Friday, August 21, 2009

What's the Alternative?

As some of you know, I've spent a lot of time in doctors' offices and hospitals during the past almost three years now courtesy of my sweetheart's back. He had operation #4 the week after I returned from DC and, this time, has made it as far as PT.

I'm seeing a glimmer of light at the end of the tunnel. (Please, God, let it not be a train!)

Many years ago, I wanted to be a pediatrician. I worked in hospitals, nursing homes, and a school for mentally and physically handicapped children pursuing that goal. Then life stepped in, goals changed, but I never lost interest in the field.

I have always written, in one form or another, but a few friends convinced me to try my hand at fiction. Loving history as I do, I began writing a story set in the 15th century. It seemed natural for me to include a healer and delve into medicants of the time.

Brother Cadfael's Garden spearheaded my research and led to an insatiable curiosity about the medicines that mankind used for millenia versus the synthetic versions offered by today's medical establishment.

Hearing doctors, whose pharmacopoeia is less than a century old, refer to their practices as Traditional Medicine while labeling the herbal remedies used since the dawn of man Alternative Medicine struck me as off kilter considering herbals have few adverse side-effects compared to current prescription drugs which have literal laundry lists of potential problems, some of which are deadly.

Don't misunderstand: nature's pharmacopoeia can kill, and the poisons plants provide are well documented in literature as the murder weapon of choice--especially during the Renaissance. Chemical compounds are what they are, whether natural or man made, and some don't play well with others so negative interactions are a potential danger. Add that these medicants aren't standardized, and your results could be disappointing, at best, or life-threatening, at worst, if you don't educate yourself first.

A Brief Evolution of European Medicine

In the beginning, the vast majority of healers were women who harvested and used the local flora to bring their tribes or villages relief from pain, illness, or injury. Healers were treasured, often passing their knowledge from mother to daughter.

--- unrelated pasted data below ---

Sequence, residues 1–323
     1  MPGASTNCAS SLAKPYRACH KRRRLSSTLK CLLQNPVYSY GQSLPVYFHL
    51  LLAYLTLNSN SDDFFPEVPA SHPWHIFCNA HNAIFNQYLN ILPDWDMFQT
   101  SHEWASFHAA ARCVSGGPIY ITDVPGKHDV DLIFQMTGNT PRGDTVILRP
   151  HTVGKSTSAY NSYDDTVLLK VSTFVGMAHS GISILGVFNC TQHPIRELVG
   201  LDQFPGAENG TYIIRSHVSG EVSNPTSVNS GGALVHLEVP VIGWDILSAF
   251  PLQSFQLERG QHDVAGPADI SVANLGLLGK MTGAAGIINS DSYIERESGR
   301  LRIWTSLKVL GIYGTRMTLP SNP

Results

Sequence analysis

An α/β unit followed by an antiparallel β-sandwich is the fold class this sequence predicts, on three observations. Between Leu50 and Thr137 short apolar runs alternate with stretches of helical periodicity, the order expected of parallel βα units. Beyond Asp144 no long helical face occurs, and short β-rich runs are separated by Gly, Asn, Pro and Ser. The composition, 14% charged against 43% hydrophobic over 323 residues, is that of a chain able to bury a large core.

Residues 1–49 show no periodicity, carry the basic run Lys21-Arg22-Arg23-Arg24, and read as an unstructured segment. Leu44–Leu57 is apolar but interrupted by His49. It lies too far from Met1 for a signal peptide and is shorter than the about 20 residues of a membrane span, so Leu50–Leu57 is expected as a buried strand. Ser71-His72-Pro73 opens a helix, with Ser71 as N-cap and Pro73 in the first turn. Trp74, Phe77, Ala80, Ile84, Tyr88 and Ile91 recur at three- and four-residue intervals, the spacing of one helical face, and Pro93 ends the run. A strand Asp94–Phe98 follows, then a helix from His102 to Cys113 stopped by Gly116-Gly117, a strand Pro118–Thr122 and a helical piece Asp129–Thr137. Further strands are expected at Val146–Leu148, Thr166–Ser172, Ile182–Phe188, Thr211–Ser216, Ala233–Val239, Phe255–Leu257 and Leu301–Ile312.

Enter Christianity.

Because healing traditions found their roots in pagan cultures, the Church was quick to accuse the practitioners of "congress with the devil." Some of these practitioners, accepting the new religion, entered nunneries and practiced their skills under the auspices of the Church within sanctioned infirmaries.

Those who retained the secular life became easy pickings for patients unwilling to pay for services or unhappy with the results of those services.

Witch burning became a spectator sport.

Medieval men had a problem with nuns (women) controlling such essential information. Women were chattel, they had no rights outside those allowed by men so leaving such knowledge in their hands gave them a degree of power over their lords and masters. Monks soon took care of that, first as overseers, then as practitoners themselves, adding to their arsenal remedies and treatments provided by those returning from the various Crusades.

Travel was less than convenient, so every castle had its stillroom. The lady of said castle was responsible for having the medicants her people needed, harvesting, drying, mixing, distilling and whatnot, with the help of her servants. Among these servants one might--and often did--find a hereditary healer who undertook some of the more onerous duties, although many a lady stitched flesh and cleaned wounds. Since most castles had resident priests or monks to conduct the daily religious offices and perform whatever rituals the castle required, and of course, the lady fell under the authority of her lord, the accusations of witchcraft at this level were few---but not unheard of.

In the 15th century, the Renaissance, with its more humanistic thinkers, blossomed on the European continent. Along with its music and art, new ideas about illness and the human body emerged. While the four humors /four element system dates back to the ancient Greeks, it became common practice throughout Europe to bleed or cup sick folks to balance these humors. (The elements are a whole other post!) Needless to say, blood loss often killed the patient before the disease since bleeding involved nicking or cutting a vein and could be required several times over the course of an illness. Cupping involved using a glass to cause bruising, thus bringing bad humors to the skin. Leeches were applied to drain them away.